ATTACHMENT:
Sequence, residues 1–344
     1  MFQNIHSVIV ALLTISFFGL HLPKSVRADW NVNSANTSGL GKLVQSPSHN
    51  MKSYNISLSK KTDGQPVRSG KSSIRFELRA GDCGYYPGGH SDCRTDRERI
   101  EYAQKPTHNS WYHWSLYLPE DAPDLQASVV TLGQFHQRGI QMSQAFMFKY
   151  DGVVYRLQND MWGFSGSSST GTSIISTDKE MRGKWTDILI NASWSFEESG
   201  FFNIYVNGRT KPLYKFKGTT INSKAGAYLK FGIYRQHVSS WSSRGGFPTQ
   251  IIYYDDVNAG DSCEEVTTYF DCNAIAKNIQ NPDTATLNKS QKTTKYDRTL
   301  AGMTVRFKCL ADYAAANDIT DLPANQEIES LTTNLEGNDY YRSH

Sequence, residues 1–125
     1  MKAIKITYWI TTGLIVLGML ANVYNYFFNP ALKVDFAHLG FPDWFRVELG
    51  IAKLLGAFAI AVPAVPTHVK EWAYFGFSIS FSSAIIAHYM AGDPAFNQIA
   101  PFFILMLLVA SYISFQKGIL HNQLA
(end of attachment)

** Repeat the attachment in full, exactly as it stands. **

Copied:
Sequence, residues 1–344
     1  MFQNIHSVIV ALLTISFFGL HLPKSVRADW NVNSANTSGL GKLVQSPSHN
    51  MKSYNISLSK KTDGQPVRSG KSSIRFELRA GDCGYYPGGH SDCRTDRERI
   101  EYAQKPTHNS WYHWSLYLPE DAPDLQASVV TLGQFHQRGI QMSQAFMFKY
   151  DGVVYRLQND MWGFSGSSST GTSIISTDKE MRGKWTDILI NASWSFEESG
   201  FFNIYVNGRT KPLYKFKGTT INSKAGAYLK FGIYRQHVSS WSSRGGFPTQ
   251  IIYYDDVNAG DSCEEVTTYF DCNAIAKNIQ NPDTATLNKS QKTTKYDRTL
   301  AGMTVRFKCL ADYAAANDIT DLPANQEIES LTTNLEGNDY YRSH

Sequence, residues 1–125
     1  MKAIKITYWI TTGLIVLGML ANVYNYFFNP ALKVDFAHLG FPDWFRVELG
    51  IAKLLGAFAI AVPAVPTHVK EWAYFGFSIS FSSAIIAHYM AGDPAFNQIA
   101  PFFILMLLVA SYISFQKGIL HNQLA